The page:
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Course Studied: BA Jazz

Year of Graduation: 2012

Top Career Highlights:

  • Creating and releasing the Big Bad Wolf album ‘Pond Life'
  • Playing and performing with Terence Blanchard (2016)
  • Doing my first international festival gig, with Big Bad Wolf in Graz, Austria (2017)

And hopefully much more to come...

A versatile guitarist, Mike De Souza has experience of performing with groups including Big Bad Wolf, the Phil Meadows Project and his own self-titled trio. With a strong work ethic and a high level of discipline, Mike is able to combine a successful career which combines some teaching, composition and performance activity.

We caught up with Mike to find out about the rehearsal environment and learn more about his general approach to composition.

When did your love of jazz, improvisation and composition begin?

I started composing riffs soon after first picking up the guitar, aged 12, and eventually began to write songs, and some instrumental music. I was also getting into blues and rock improvisation in my mid-teens, and discovered jazz around the time I turned 18. However, I’d say my true love of jazz only really started after I arrived at Leeds to study, a year later.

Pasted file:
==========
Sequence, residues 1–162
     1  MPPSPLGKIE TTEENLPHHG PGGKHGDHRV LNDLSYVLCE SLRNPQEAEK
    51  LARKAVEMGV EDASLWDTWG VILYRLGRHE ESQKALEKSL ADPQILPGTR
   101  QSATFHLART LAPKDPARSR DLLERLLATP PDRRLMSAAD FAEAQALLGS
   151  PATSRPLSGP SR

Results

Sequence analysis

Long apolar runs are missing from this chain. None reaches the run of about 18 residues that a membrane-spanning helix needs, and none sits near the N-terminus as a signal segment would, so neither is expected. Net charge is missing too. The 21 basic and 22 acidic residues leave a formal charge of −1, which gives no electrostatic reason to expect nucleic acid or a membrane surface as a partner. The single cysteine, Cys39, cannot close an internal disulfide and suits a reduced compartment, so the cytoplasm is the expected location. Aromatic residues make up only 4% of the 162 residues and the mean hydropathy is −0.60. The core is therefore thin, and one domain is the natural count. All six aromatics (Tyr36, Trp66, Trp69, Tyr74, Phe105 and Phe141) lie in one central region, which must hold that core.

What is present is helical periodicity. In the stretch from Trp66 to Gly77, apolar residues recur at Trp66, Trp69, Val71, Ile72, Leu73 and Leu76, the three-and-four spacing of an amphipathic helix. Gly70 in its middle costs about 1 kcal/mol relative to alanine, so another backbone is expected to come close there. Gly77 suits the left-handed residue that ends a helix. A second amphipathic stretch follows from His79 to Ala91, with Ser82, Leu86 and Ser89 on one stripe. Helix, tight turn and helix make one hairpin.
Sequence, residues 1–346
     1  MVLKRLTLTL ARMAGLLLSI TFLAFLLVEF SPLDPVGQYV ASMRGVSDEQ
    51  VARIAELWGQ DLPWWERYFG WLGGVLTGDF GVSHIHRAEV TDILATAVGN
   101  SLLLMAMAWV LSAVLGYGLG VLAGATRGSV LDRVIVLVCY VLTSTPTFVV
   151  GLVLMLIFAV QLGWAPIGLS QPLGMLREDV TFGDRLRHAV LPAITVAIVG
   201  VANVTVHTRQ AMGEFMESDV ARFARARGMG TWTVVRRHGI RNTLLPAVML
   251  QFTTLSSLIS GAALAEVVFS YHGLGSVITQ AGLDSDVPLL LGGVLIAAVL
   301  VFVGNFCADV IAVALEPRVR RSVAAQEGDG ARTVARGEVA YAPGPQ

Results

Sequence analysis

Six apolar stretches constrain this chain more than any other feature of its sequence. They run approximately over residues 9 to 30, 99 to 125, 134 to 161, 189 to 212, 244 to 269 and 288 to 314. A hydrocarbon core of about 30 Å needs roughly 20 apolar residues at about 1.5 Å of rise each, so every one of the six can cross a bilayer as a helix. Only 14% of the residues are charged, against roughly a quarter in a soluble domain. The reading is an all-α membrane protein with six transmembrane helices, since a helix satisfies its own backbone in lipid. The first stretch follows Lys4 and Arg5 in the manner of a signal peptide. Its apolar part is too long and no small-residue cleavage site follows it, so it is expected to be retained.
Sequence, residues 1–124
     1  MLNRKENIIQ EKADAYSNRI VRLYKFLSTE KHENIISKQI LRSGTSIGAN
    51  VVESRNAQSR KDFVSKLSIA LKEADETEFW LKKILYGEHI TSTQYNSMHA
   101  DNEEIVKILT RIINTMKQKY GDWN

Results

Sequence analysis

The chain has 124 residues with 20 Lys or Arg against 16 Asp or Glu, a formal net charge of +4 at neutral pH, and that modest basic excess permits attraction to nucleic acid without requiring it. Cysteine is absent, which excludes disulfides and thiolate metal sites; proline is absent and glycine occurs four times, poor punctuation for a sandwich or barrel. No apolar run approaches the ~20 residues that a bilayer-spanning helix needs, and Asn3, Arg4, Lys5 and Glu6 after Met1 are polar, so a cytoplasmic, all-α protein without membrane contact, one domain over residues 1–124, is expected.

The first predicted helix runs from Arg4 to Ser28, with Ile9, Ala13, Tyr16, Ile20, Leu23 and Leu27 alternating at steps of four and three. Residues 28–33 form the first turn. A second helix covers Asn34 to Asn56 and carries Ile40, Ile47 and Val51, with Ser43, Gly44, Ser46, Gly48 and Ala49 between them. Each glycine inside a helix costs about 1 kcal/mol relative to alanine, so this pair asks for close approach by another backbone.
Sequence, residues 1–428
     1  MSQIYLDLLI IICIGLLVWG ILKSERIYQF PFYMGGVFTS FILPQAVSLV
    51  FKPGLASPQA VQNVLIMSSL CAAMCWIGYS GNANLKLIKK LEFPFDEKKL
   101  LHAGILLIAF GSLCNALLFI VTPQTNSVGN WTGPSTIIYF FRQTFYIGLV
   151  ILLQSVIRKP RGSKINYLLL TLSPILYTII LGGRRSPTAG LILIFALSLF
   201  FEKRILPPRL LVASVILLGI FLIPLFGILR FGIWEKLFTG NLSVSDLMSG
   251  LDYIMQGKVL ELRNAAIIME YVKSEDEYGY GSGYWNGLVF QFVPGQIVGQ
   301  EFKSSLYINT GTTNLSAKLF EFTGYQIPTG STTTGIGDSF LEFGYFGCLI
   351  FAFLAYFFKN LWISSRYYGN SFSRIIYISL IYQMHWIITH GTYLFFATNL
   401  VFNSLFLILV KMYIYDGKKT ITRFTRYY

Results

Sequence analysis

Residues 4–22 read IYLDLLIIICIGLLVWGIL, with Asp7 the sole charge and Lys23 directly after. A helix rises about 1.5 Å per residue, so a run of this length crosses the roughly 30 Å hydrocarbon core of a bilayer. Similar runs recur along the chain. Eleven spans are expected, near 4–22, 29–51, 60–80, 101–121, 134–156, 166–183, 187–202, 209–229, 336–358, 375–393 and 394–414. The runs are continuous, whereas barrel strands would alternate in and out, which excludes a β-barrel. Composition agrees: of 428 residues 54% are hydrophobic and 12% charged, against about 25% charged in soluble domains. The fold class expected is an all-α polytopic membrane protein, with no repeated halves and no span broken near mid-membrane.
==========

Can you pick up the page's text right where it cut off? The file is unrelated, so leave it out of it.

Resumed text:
Who are your greatest musical influences?

At the moment, my main influences are Bill Frisell, Kit Downes, and Radiohead. It’s always changing though, as I grow as a musician, and check out new things.

How did studying at Leeds Conservatoire prepare you for your career as a professional musician?

It gave me time to practise, and a motivating environment in which to do it - plus inspiring classes to attend. I was constantly being pushed by my peers and teachers, and having my horizons broadened by new concepts all the time.

What projects, releases or tours do you have planned for the near future?

I’m planning on recording an album with my Trio this summer, as well as doing some performances before that. Another Big Bad Wolf album is in the pipeline, and we’ve been writing lots of new material for that. We will also be on the road, touring again with the Phil Meadows Project and recording a new album with that group very soon. 

Tell us about the various ensembles you’re involved in (e.g. Big Bad Wolf and Snooze Trio) - what’s the musical concept behind each of these groups?